Isn’t There A Basic Flaw With This Design?

August 8, 2012 12 Comments
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Car maker General Motors says it is working on a smart phone application that will let cyclists and pedestrians automatically warn a driver once they get close.

Ummm…?

According to GM, the Wireless Pedestrian Detection Technology is based on Wi-Fi Direct, a computer networking standard that allows smartphones to swap information without needing a wireless hotspot to connect them.

Yes, it clearly requires the driver to either be operating his own smartphone (illegal while driving) or paying rather too much attention to other onboard display equipment:

The car maker’s researchers say the system can integrate with “other sensor-based object detection and driver alert systems already available on production vehicles” to alert drivers within a second when they approach a cyclist or pedestrian with a smartphone loaded with the wireless technology.

What’s wrong with the good old Mk I Eyeball?

Surely making drivers reliant on their various electronic devices to the exclusion of actually looking ahead and judging hazards is a bad thing?

A poor use of technology, not a good one?

I expect this is something Longrider will have a view on!

It is already working on a downloadable app for high-risk road users such as bike-based couriers and roadwork crews.

Great! We’ll train drivers to assume that everyone has a smartphone capable of broadcasting this information so they don’t need to drive with as much due care and attention!

What could possibly go wrong?

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12 Responses to Isn’t There A Basic Flaw With This Design?

  1. August 8, 2012 at 11:40 am

    Car maker General Motors says it is working on a smart phone application that will let cyclists and pedestrians automatically warn a driver once they get close.

    Look, you ride ahead. turn around and make eye contact with the driver, signalling your exact intentions. Then keep TF out of their way over to the left and let them go through. Simples.

    • David A. Evans
      August 8, 2012 at 1:24 pm

      I think Longrider may have an opinion about staying to the left too.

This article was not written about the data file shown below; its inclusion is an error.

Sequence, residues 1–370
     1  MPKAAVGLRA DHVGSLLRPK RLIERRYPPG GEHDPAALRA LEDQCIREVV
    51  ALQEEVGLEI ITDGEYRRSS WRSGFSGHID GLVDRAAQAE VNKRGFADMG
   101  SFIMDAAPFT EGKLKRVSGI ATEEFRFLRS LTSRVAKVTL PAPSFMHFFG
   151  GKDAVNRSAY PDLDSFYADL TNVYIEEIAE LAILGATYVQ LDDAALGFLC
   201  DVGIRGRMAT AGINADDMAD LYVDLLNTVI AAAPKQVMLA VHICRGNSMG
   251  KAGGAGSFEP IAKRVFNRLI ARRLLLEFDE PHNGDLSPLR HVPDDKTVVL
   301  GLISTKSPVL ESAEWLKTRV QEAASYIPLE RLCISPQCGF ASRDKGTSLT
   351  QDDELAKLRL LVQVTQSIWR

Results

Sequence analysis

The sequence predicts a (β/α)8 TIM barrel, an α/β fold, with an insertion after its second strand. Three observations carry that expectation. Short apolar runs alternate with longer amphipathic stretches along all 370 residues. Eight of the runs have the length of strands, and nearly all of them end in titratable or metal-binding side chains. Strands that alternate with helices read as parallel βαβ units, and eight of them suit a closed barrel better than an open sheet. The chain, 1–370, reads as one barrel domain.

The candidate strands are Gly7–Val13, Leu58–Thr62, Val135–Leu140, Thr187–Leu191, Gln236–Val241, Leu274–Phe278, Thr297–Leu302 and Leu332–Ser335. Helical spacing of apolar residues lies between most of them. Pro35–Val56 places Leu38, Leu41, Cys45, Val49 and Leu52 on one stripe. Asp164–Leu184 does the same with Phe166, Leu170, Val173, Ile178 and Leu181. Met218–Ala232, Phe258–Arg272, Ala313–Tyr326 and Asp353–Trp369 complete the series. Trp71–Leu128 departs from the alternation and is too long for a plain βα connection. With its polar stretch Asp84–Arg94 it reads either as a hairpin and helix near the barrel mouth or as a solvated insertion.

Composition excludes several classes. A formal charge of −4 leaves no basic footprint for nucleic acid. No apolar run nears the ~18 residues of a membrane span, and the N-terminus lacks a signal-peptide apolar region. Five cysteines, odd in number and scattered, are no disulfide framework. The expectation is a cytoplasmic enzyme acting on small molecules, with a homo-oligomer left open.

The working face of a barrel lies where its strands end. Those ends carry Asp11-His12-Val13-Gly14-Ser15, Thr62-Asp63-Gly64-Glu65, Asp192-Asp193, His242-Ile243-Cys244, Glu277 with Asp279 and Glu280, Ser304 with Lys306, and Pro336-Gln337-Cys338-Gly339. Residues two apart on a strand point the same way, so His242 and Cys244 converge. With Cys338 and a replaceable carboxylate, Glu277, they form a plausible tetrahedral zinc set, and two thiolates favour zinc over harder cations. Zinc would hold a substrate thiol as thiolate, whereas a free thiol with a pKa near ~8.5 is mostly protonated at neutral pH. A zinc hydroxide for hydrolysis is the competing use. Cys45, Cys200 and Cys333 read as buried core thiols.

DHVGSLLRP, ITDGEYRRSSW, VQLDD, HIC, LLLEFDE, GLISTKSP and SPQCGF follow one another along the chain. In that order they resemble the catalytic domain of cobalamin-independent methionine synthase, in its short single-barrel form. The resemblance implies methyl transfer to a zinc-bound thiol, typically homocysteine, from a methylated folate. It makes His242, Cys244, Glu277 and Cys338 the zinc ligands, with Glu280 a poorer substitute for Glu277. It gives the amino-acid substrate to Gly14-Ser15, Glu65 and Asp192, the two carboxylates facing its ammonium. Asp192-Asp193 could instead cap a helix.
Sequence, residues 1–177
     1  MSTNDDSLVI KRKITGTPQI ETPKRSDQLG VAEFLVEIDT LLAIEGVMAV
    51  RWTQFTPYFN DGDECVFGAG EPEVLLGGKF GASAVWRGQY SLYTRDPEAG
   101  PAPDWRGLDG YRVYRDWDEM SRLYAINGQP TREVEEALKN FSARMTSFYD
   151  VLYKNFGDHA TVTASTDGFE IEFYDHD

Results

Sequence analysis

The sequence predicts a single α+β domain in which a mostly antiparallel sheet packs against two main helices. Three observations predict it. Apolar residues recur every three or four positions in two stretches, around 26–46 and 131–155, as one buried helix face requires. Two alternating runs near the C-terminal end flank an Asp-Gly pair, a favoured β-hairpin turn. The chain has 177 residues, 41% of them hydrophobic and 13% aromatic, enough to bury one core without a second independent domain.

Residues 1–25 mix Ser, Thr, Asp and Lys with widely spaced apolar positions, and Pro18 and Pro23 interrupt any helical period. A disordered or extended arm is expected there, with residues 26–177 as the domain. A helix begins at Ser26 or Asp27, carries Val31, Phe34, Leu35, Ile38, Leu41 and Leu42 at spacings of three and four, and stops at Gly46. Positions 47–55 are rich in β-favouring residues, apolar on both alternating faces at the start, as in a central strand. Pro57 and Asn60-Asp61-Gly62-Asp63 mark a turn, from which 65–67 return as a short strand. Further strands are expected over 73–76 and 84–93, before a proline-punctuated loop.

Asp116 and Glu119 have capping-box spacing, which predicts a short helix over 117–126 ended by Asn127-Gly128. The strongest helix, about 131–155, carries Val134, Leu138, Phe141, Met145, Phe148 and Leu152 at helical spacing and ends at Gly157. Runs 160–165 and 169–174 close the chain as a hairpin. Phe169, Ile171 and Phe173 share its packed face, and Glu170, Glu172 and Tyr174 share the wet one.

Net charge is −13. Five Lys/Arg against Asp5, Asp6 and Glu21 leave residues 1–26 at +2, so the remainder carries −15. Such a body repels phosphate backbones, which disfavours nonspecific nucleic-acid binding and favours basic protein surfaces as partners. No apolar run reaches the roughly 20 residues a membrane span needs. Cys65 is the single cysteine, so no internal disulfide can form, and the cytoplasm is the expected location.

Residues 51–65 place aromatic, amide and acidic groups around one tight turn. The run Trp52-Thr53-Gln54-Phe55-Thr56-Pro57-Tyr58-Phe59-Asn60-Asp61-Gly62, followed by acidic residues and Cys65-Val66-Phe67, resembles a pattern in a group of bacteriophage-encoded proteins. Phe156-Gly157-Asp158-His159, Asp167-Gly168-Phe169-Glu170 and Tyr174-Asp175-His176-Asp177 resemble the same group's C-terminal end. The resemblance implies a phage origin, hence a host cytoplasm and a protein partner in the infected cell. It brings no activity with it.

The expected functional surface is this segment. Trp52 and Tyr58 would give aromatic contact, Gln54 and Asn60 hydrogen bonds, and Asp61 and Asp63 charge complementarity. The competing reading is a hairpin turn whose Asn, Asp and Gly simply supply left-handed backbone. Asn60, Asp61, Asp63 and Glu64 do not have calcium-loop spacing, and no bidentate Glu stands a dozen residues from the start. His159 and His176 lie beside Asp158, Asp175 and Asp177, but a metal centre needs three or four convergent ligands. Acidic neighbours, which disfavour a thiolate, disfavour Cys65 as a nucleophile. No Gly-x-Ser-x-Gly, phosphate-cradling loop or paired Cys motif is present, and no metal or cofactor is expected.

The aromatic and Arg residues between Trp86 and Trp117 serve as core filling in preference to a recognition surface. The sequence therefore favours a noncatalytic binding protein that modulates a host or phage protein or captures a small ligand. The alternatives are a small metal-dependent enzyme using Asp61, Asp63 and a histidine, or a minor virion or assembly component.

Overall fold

As a car driver, I say, if you have to ride on the roads, make yourself wide, ride well away from the kerb so the car drivers will see you and be forced to manoeuvre around you, screw what the car drivers think, you want to stay alive.

      That one metre band at the side of the road makes you a target to be squeezed into the kerb, it is the one place on the road that you don’t want to be on.

      DaveE.

      • August 8, 2012 at 2:46 pm

        Indeed.

  2. August 8, 2012 at 12:16 pm

    You are right, I do have an opinion and it starts with “fuckwits…”

    • August 9, 2012 at 7:11 am

      :D

  3. Mudplugger
    August 8, 2012 at 12:56 pm

    A very bad plan. It’s another step on the way of creating an expectation of being warned about any hazard, therefore no need to make your own assessment because if it’s dangerous, you’ll be told about it.

    This is already evident in the proliferation of excessive traffic management signage, encouraging drivers to watch for the signs, rather than the road all around them. Seat belts, air-bags, crumple-zones etc. are all part of the same direction – if you don’t need to stay aware of hazards, or if the consequences are mitigated, then why bother to take care. Just turn up the iPod and drive.

    Younger drivers are certainly affected by this ‘controlled awareness’ problem – we 40year+ driving veterans with more than a million miles on the clock had to learn differently, and hence remain safer.

  4. Tatty
    August 8, 2012 at 2:28 pm

    Oh dear. My brother has just given me a mountain bike and I was going to buy a little basket for the handlebars.

    Looks like I’m going to need a small child armed with a sub-machine gun to sit in it.

    That counts as sensor-based object detection, right ? :|

  5. August 8, 2012 at 2:35 pm

    In remotely populated areas you would just turn the ******* thing off anyway because it would be constantly bleeping whereas in sparse areas the unusual bleep would get you looking for a text or something and hey-ho flat cyclist.

    And wouldn’t someone go with the defence “the onboard sensor failed to warn me and it is therefore the machine’s fault, so sue the manufacturer” etc

    • August 9, 2012 at 7:12 am

      In the US, where someone once sued a RV manufacturer because he stuck on cruise control and then popped into the back of the vehicle to make coffee!? Almost certainly.

      It’ll be a fun lawsuit, at any rate… ;)

  6. Voice of Reason
    August 8, 2012 at 4:30 pm

    I just went to a set of talks on cognition and memory. The reason why so many cyclists and pedestrians get hit is that drivers do not see them, due to the way that we process visual information.

    • August 8, 2012 at 4:42 pm

      It’s called not looking properly. :twisted:

    • David A. Evans
      August 8, 2012 at 4:49 pm

      I’m assuming it’s the same reason as for mid-air collisions in that the thing you’re going to hit doesn’t move in your field of vision.

      EDIT: and yes Longrider, it’s corrected by changing the way you look.

      DaveE.

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